Six Centuries of Maps For Cartographic and Geographic Researchers

Europeana has a wealth of content available to researchers, both through its portal and its APIs. Europeana Research highlights this content and its research potential.

First Collection Title: Maps and Drawings from the Catálogo Colectivo de la Red de Bibliotecas de los Archivos Estatales
Source: Catálogo Colectivo de la Red de Bibliotecas de los Archivos Estatales
Licence for Metadata: CC0
Licence for Content: Public domain
Data Formats: Image, Text
Metadata Format: EDM (Europeana Data Model)
How Accessed: Europeana Portal, API console

Second Collection Title: Maps and Drawings from the Biblioteca Virtual del Patrimonio Bibliográfico
Source: Biblioteca Virtual del Patrimonio Bibliográfico
Licence for Metadata: CC0
Licence for Content: Public domain
Data Format: Image, Text
Metadata Format: EDM (Europeana Data Model)
How Accessed: Europeana Portal, API console

Two datasets available through Europeana Labs stand out for researchers interested in cartography, historical geography and the history of map-making, as well as those working with cultural geography, urban studies and issues related to to the growing interest in spatial and geographic perspectives in the social sciences (“the spatial turn”).

Catálogo Colectivo de la Red de Bibliotecas de los Archivos Estatales and Biblioteca Virtual del Patrimonio Bibliográfico together total some 9,000 objects, including portolan charts, city plans, and drawings of buildings and fortifications. These maps span the period from the 16th to the 20th century, and they are all in the public domain.


Edinburgh from Civitates Orbis Terrarum, vol. III, p. 39; Universitäts- und Landesbibliothek Düsseldorf. Rights: Rights Reserved - Free Access.
Edinburgh from Civitates Orbis Terrarum, vol. III, p. 39; Universitäts- und Landesbibliothek Düsseldorf. Rights: Rights Reserved - Free Access. This map is found in the third volume of Georg Braun’s major cartographic work from 1588. Worth noting is his attention to detail in the oblique perspective (for instance of Edinburgh Castle) and the typical figures in the foreground. Braun’s Civitates arguably brought in a new era of cartography.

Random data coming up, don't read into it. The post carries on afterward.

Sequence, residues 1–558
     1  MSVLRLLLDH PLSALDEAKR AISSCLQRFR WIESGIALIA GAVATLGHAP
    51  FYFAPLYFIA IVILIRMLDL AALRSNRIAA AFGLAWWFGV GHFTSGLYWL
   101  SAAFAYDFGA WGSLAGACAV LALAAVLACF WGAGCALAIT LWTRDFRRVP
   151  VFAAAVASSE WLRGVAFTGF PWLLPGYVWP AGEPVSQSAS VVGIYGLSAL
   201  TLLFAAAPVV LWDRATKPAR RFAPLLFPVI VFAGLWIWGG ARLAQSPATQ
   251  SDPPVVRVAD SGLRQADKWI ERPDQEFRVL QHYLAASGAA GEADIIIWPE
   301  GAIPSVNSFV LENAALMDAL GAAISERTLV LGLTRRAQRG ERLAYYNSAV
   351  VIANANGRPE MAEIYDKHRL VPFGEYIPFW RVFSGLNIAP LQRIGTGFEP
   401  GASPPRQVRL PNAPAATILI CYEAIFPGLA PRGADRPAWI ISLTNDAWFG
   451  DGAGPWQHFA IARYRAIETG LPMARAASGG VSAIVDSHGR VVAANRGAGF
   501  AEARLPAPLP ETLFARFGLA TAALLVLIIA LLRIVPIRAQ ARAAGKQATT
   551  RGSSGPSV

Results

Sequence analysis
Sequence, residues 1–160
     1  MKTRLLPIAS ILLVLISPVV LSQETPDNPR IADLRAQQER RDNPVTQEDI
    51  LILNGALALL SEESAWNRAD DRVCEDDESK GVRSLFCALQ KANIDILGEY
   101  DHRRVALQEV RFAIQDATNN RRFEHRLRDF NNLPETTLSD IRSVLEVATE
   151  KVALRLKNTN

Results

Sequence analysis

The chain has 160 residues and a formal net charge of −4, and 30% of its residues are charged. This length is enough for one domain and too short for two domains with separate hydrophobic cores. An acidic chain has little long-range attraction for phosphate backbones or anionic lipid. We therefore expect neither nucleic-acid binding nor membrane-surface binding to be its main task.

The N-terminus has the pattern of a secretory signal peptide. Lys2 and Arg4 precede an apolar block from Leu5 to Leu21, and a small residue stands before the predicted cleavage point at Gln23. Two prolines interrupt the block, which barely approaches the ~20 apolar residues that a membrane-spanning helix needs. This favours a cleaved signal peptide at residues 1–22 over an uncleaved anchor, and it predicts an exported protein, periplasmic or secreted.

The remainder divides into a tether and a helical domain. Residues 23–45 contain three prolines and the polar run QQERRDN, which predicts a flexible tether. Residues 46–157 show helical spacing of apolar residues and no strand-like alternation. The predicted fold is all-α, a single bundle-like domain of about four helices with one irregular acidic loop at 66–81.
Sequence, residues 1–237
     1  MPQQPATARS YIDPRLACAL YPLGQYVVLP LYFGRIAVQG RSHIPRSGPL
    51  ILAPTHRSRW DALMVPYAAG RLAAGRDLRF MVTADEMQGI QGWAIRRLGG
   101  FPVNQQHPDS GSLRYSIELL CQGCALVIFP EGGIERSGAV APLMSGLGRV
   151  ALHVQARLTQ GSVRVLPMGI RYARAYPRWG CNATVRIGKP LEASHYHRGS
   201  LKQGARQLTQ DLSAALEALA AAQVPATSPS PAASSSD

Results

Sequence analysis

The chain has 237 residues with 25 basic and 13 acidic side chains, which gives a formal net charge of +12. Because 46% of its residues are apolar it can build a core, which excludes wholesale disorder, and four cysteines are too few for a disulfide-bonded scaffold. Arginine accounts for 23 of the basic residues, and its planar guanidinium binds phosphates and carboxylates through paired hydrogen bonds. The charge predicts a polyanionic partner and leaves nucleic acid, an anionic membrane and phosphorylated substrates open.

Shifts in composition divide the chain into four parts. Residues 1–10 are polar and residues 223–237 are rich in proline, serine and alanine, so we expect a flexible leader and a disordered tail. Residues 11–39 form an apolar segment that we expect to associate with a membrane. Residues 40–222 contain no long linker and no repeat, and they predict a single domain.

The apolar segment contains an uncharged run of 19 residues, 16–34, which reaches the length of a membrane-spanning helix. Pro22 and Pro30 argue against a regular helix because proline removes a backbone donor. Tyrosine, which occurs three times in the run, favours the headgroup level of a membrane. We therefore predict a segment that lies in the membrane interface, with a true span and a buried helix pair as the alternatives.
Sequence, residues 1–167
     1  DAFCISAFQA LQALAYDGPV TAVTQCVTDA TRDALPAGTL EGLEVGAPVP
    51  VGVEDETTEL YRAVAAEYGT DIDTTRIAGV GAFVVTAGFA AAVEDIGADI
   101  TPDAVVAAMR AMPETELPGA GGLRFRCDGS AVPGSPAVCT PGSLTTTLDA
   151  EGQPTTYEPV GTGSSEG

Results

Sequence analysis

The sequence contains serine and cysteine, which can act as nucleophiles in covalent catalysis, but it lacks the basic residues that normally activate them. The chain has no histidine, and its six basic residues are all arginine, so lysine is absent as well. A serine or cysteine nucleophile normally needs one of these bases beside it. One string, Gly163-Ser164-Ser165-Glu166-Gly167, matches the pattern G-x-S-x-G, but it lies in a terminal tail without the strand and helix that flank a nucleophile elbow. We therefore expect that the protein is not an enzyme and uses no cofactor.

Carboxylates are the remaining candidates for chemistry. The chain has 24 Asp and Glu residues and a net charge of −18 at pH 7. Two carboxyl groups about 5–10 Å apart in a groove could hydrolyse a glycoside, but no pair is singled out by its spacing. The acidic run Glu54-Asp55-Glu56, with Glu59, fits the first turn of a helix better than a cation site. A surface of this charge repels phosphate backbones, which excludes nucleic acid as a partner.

The dataset from Biblioteca Virtual mainly contains maps from the 18th and 19th centuries – just over 1,000 and 2,000 maps, respectively. There are also 16th century maps (mainly portolan charts of Spanish and Dutch origin) and three of the six volumes of the wonderful 16th century Civitates Orbis Terrarum. This work contains more than 500 maps of cities from all around the world, 230 of which can be found in the available volumes.


Plano en perspectiva de la Villa de Aranda de Duero, Catálogo Colectivo de la Red de Bibliotecas de los Archivos Estatales. Rights: Public Domain/No Copyright.
Plano en perspectiva de la Villa de Aranda de Duero, Catálogo Colectivo de la Red de Bibliotecas de los Archivos Estatales. Rights: Public Domain/No Copyright. An interesting example of Renaissance mapmaking, of the town Aranda de Duero in present-day Castile and León. Created in 1503, it was submitted to the Royal Council of Castile together with information in connection with the opening of the Barrionuevo street.

The maps in Braun’s Civitates are colourful, detailed bird’s-eye view pictures, offering a street plan and locations of important buildings like castles and cathedrals. They are what Ptolemy would have called chorographica, more artistic representations of a small region, rather than geographica, maps of countries or the world. The three volumes are scanned at high resolution (allowing for detailed analysis) and each page can be downloaded separately from the data provider.

In addition to their cartographic appeal, these are works of great beauty, adorned with a variety of surround elements and illustrations that themselves offer analytical routes into the maps. They offer value to urban studies researchers, who may be following the development of the urban settlements, and to researchers who are negotiating the role of space and place in, for instance, the organisation and regulation of society.

The other collection, the Catálogo Colectivo, contains over 5,000 maps and is dominated by 18th century content. Profile drawings of buildings, nautical charts, and road maps are some of the more special kinds of maps available. There is also sufficient 16th and 17th century material to study how maps have developed over time. The earliest object in the dataset, the 1503 Plano en perspectiva de la Villa de Aranda de Duero, uses an early approach to perspectival mapping and marks the starting point for a cavalcade of methods of mapping three-dimensional space onto a two-dimensional surface. Through the various maps, it is for instance possible to see how hachures develop from their early Renaissance form to the shading of the 19th century, and how land forms change from stylised representations to attempts at faithful renderings of the mapped landscape.

These datasets, provided by state archives and libraries in Spain, offer possibilities to explore how space and place have been codified over the centuries, and how societies have been spatially organised. They allow us to examine the ways in which our three-dimensional surroundings have been reduced to two dimensions for various purposes – utilitarian as well as artistic. Finally, they provide a way to look at the past through the minds and pens of those who lived there.